3D printers can be a minefield to navigate if you don’t know where to get started, and calibration is an essential step to ensure your 3D creations remain consistent.
If you’ve never owned a 3D printer before, you might be curious to know: How do you calibrate a 3D printer?
In this article, we will cover some key information on calibrating a 3D printer, including how to calibrate a 3D printer and why calibration is important.
Let’s get into it.
Why do you Need to Calibrate a 3D Printer?
In short, calibration is important because it helps to ensure every print comes out consistently and allows you to produce the same results time and time again.
While you might think it’s a hassle, the calibration of your 3D printer is in your best interest. You want your printer to work with you, not against you, and calibration is fundamental to ensure that each of your creations are identical.
That being said, calibration is an essential process as it allows your 3D printer to print in the way that you intended it to. If you don’t calibrate your printer, this is when you will run into issues with inconsistency.
If you want consistency across the board, it’s cruical that you calibrate your 3D printer on a regular basis. Some people even recommend doing this for every individual roll of filament. However, as you become more experienced, you will establish what works best for you when it comes to calibrating your 3D printer.
Preparing to Calibrate your 3D Printer
There’s no getting away from the fact that 3D printers are complex machines, especially if you’ve never used one before.
It’s important to note that not all printers are calibrated in the same way. Some are entirely controlled by software, while others will require physical adjustments from you. As a result, these instructions should be taken as a general guideline.
That being said, there are three areas that will require calibration: the extruder, the various motors, and the base plate.
How to Calibrate the Extruder
There are a couple of problems associated with the extruder that you will need to be aware of when calibrating the extruder.
These problems include:
- Over-extrusion – This is where too much filament has been used.
- Under-extrusion – This is where too little filament has been used.
To establish whether your printer is over or under-extruding, you will need to measure it with a ruler or measuring tape.
To begin, you will need to make two small marks on the filament and make sure that they are spaced 100mm apart.
Following this, you will need to align your bottom mark with the top of the extruder.
Using your printer software, set the extrude length value to “100” and instruct it to extrude.
If everything is working correctly and as it should be, the top mark should be aligned with the top of the extruder. If not, you will need to make the necessary adjustments until the mark aligns correctly.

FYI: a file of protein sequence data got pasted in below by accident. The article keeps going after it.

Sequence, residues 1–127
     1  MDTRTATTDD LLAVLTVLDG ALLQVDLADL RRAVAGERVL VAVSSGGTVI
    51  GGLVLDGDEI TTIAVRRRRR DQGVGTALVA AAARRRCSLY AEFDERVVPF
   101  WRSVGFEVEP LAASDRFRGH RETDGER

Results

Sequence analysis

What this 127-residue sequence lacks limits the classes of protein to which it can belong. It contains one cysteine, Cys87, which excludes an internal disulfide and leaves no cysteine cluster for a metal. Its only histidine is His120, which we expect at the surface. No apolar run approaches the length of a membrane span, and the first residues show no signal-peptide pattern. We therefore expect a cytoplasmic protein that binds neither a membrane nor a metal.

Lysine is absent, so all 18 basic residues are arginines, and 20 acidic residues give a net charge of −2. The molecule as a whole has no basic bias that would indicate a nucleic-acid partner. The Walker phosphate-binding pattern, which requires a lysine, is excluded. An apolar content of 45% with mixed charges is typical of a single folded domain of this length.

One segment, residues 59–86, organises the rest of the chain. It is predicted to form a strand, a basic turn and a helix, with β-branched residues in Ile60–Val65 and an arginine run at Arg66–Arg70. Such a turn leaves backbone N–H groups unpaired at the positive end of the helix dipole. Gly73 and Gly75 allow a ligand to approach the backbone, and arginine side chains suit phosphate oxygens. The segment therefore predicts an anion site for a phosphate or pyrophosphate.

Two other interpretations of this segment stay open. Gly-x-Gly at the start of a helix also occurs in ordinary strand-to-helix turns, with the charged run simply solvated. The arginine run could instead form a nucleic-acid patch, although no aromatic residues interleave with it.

How to Calibrate the X, Y, Z Motors
Once you have calibrated the extruder, it’s time to make sure that your printer’s measurements are correct.
To do this, you will need to use a piece of tape to make two marks 100mm apart on the base plate. Positioning the nozzle over one, you will need to instruct the printer to move 100mm in the correct direction and observe whether it ends up over the tape.
There’s a strong chance that this isn’t going to be accurate on the first try. However, you will need to make sure that the M92 values for both the X and Y axes are adjusted until it works perfectly.
When it comes to calibrating the Z motor, you will need to stand it vertically on the print bed and move the Z axis a distance of 100mm. After this point, the process remains the same. Simply change the M92 values until it moves exactly 100mm each time.
How to Calibrate the Base Plate
Last, but by no means least, you will need to calibrate the base plate. If you’re noticing that filament is gathered around the nozzle, you will need to make sure that the base plate is level. This will ensure that your nozzle remains at the same distance from the base at all times.
Begin by centering the print head. Next, you will need to place an index card between the print head and base plate.
Through altering the Z-axis end stop variable, you will be able to change the print head’s distance from the base.
The majority of printers have screws that you can turn at each corner. You will need to adjust these screws until you can feel a slight resistance when you attempt to move the index card.
While you will still be able to move the index card, you won’t be able to move it freely.
After this point, you will have successfully calibrated your 3D printer!
Is Calibrating a 3D Printer Necessary?
Yes! As far as technology goes, 3D printers aren’t the smartest tools in the box. A lot of what goes on during the printing process is assumed by the electronics, and for the majority of the time, these assumptions are wrong.
Taking the time to calibrate your 3D printer is the easiest way to ensure that you get consistent results across the board.
If you don’t calibrate your 3D printer, you won’t be getting the most out of your printer and you’ll likely become frustrated that your 3D creations aren’t as you intended them to be.
For the most consistent results, always make sure that you are calibrating your 3D printer for every roll of filament.
3D printers can be a minefield to navigate when you first get one, and it’s normal to feel overwhelmed by the numerous options there are.
Hopefully after reading this article you have a better understanding of how to calibrate a 3D printer, and why the calibration process is essential.
Good luck calibrating your 3D printer and enjoy getting creative!
- The 10 Best Sublimation Blank Wholesale Suppliers - July 12, 2022
- The Best Wholesale Sublimation T-Shirt Blanks Suppliers - July 12, 2022
- Eight Common Reasons Why Your Heat Vinyl Transfer Won’t Adhere To Garments - July 12, 2022